Laura Stinton launched the £200,000 campaign after being told during an inspection by an occupational therapist that the house she currently lives in, a terraced property in Burnley, is not suitable for the number of adaptations needed to meet to the complex needs of her son Henry and she would have to move.
Laura bought the house herself six years ago. The news was therefore a devastating blow, especially since she cannot afford to buy the property she needs.
Laura, who is now 29, said: “I love my house and I’m proud that I was able to buy it myself without anyone’s help when I was just 23.
“But it’s not possible to live here long term because of the volume of equipment and medicine that Henry needs.
“I had to sell furniture to make room for some of the equipment. Ideally we need a bungalow with plenty of outdoor space.”
If she hits the target, Laura hopes to use £150,000 to buy the property and the remaining money will go towards adaptations. She will also be able to apply the little equity from the sale of her own house to the security of the new house.
Henry, who turns six in October, suffers from a range of conditions including stage five quadriplegic cerebral palsy, which means he is unable to sit up or hold his head up without help. He is also registered blind and brain damaged.
He spent the first six weeks of his life in the neonatal intensive care unit at Burnley General Hospital and underwent major surgery on his airway.
Single mother Laura, who attended the former Gawthorpe High School in Padiham, made the decision to give up her job as a freelance hairdresser to become Henry’s full-time carer two years ago.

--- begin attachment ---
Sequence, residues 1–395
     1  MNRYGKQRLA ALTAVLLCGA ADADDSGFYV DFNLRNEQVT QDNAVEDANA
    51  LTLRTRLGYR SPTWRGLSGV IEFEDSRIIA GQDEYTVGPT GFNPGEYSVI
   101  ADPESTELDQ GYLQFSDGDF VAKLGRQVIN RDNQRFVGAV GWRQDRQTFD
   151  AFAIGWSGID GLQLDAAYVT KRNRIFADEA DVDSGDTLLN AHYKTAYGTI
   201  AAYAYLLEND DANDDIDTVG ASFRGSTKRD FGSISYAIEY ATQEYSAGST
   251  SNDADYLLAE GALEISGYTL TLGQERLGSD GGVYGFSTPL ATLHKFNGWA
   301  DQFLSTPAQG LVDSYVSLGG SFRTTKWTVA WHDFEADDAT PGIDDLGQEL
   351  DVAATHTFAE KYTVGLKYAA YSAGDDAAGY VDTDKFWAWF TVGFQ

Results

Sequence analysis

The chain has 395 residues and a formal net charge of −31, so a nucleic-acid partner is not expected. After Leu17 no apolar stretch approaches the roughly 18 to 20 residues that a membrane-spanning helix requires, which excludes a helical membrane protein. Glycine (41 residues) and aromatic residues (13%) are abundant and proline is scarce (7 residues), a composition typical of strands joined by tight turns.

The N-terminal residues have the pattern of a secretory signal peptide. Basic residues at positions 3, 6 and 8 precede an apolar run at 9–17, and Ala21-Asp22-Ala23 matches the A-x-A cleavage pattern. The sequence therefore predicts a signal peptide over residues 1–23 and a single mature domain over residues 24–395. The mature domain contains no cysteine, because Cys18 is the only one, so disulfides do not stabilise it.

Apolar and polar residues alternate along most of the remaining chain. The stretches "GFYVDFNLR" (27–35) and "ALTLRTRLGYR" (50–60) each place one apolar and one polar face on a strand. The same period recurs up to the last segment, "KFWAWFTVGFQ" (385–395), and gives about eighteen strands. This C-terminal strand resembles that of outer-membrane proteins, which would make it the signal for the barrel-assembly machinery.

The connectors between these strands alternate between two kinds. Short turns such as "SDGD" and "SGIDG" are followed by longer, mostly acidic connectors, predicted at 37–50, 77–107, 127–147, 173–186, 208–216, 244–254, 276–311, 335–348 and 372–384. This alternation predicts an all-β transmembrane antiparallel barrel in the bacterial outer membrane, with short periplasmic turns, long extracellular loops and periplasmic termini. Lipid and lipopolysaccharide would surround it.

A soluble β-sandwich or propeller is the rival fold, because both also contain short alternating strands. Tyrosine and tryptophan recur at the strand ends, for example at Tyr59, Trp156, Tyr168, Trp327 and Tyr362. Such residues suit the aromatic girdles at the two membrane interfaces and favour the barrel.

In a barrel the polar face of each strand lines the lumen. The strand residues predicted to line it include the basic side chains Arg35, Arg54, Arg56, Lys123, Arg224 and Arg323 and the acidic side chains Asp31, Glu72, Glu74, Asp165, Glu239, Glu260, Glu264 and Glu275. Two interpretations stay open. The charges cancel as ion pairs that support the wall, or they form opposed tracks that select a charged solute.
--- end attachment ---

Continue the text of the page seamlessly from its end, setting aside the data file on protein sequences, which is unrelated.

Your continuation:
She said: “Due to the number of hospital appointments for Henry and the difficulty in finding someone who could look after Henry, the only option for me was to stop working.”
Laura hopes she can resume her career soon, as Henry has started attending Holly Grove School in Burnley, where he is settling in well at the moment.
She added: “Henry really is the cheekiest little love and chappy ever and he knows when he’s being cheeky.
“People ask me how I’m doing and I have to admit there have been times when it’s been difficult, especially with covid, but he’s my son and I want to do my best to ensure that ‘Henry is giving her the best quality of life possible.
Laura has held a series of raffles, auctions and car shoe sales and she has managed to raise £5,700 so far.
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